"Mr. Balfour," said Mr. McAdoo, "before we make any plans of financial assistance it is absolutely necessary that we know precisely where we stand. The all-important thing is the question as to how long the war is likely to last. If it is only to last a few months, it is evident that we need to make very different arrangements than if it is to last several years. Just what must we make provision for? Let us assume that the United States goes in with all its men and resources---that we dedicate all our money, our manufacturing plants, our army, our navy, everything we have got, to bringing the war to an end. How long will it take?"
Mr. Balfour replied that it would be necessary to consult his naval and military advisers before he answered that question. He said that he would return in a day or two and make an explicit statement. He did so and his answer was this: Under these circumstances---that the United States should make war to the full limit of its power, in men and resources---the war could not be ended until the summer or the autumn of 1919. Mr. McAdoo put the same question in the same form to the French and Italian Missions and obtained precisely the same answer.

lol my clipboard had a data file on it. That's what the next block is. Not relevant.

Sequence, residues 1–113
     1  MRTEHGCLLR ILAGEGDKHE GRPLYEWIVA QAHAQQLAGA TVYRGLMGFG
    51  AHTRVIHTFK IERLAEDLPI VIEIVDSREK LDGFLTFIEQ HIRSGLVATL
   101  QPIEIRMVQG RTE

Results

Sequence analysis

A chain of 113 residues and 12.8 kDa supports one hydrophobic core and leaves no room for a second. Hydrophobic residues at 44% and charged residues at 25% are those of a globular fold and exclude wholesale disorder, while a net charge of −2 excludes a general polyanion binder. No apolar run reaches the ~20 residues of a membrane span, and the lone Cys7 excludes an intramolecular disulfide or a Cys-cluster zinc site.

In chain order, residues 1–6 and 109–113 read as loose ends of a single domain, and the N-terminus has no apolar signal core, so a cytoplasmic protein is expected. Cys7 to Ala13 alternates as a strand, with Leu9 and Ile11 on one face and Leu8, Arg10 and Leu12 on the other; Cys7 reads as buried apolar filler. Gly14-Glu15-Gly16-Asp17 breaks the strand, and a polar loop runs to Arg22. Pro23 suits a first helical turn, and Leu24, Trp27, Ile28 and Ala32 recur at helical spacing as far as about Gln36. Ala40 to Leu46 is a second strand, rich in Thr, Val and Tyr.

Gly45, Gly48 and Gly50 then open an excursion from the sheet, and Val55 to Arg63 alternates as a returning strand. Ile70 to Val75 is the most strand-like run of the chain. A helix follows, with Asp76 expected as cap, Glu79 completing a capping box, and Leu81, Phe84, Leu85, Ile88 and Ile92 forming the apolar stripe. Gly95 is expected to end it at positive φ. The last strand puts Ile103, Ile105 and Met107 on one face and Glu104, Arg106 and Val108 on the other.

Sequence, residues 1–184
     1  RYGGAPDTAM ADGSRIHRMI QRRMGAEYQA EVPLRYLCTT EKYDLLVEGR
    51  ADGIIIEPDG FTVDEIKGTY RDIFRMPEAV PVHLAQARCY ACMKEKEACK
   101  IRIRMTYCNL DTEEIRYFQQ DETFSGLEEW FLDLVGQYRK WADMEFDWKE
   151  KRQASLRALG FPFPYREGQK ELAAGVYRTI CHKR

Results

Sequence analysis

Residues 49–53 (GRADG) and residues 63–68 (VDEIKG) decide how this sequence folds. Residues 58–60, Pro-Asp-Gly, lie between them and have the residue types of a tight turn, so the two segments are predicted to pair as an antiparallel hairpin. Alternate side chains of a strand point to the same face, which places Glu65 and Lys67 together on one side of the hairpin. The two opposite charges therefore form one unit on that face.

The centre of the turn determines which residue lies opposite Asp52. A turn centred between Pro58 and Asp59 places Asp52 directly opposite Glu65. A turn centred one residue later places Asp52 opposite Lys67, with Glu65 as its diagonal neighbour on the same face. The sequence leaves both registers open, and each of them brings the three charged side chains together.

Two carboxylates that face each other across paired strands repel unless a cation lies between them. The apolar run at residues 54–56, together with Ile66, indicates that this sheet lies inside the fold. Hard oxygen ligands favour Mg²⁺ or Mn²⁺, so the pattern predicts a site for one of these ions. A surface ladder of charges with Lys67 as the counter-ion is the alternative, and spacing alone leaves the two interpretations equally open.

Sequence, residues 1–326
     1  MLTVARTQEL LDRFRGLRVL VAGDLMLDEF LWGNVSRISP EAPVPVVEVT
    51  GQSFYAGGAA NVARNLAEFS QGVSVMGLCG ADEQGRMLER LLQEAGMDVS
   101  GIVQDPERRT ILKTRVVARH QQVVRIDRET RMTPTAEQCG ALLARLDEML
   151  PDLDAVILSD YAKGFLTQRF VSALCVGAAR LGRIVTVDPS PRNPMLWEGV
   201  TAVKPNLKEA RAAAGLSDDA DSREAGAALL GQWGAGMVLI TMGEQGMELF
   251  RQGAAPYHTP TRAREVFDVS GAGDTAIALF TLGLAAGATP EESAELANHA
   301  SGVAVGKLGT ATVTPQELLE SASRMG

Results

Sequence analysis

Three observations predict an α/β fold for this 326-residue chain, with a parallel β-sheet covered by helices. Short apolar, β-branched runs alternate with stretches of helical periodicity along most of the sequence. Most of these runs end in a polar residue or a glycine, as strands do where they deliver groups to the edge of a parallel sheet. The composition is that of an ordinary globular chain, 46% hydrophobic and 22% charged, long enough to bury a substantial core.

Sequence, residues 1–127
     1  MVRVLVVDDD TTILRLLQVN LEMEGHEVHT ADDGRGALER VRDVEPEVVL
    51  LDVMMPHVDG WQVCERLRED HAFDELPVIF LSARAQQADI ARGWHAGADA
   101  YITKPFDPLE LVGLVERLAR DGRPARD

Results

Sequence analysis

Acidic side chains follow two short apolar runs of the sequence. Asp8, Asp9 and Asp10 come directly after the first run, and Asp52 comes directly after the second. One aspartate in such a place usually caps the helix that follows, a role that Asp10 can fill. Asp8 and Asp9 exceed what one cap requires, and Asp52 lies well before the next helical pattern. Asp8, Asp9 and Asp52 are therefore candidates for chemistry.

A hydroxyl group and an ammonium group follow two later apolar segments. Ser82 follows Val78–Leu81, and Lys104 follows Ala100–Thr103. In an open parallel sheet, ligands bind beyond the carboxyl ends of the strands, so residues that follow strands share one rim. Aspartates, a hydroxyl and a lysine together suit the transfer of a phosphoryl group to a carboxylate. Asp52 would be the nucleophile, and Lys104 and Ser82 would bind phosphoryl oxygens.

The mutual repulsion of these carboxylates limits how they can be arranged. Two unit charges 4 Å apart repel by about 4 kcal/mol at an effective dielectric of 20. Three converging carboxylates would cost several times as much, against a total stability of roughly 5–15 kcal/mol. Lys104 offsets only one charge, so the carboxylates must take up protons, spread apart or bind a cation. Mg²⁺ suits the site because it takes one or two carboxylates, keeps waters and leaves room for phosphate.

Page's papers show that Mr. Balfour, in the early stages of American participation, regarded the financial situation as the thing which chiefly threatened the success of the Allied cause. So much greater emphasis has been laid upon the submarine warfare that this may at first seem rather a misreading of Great Britain's peril. Yet the fact is that the high rate of exchange and the depredatory U-boat represented almost identically the same danger. The prospect that so darkened the horizon in the spring of 1917 was the possible isolation of Great Britain. England's weakness, as always, consisted in the fact that she was an island, that she could not feed herself with her own resources and that she had only about six weeks' supply of food ahead of her at any one time. If Germany could cut the lines of communication and so prevent essential supplies from reaching British ports, the population of Great Britain could be starved into surrender in a very brief time, France would be overwhelmed, and the triumph of the Prussian cause would be complete. That the success of the German submarine campaign would accomplish this result was a fact that the popular mind readily grasped. What it did not so clearly see, however, was that the financial collapse of Great Britain would cut these lines of communication quite as effectually as the submarine itself. The British were practically dependent for their existence upon the food brought from the United States, just as the Allied armies were largely dependent upon the steel which came from the great industrial plants of this country. If Great Britain could not find the money with which to purchase these supplies, it is quite apparent that they could not be shipped. The collapse of British credit therefore would have produced the isolation of the British Isles and led to a British surrender, just as effectively as would the success of the German submarine campaign.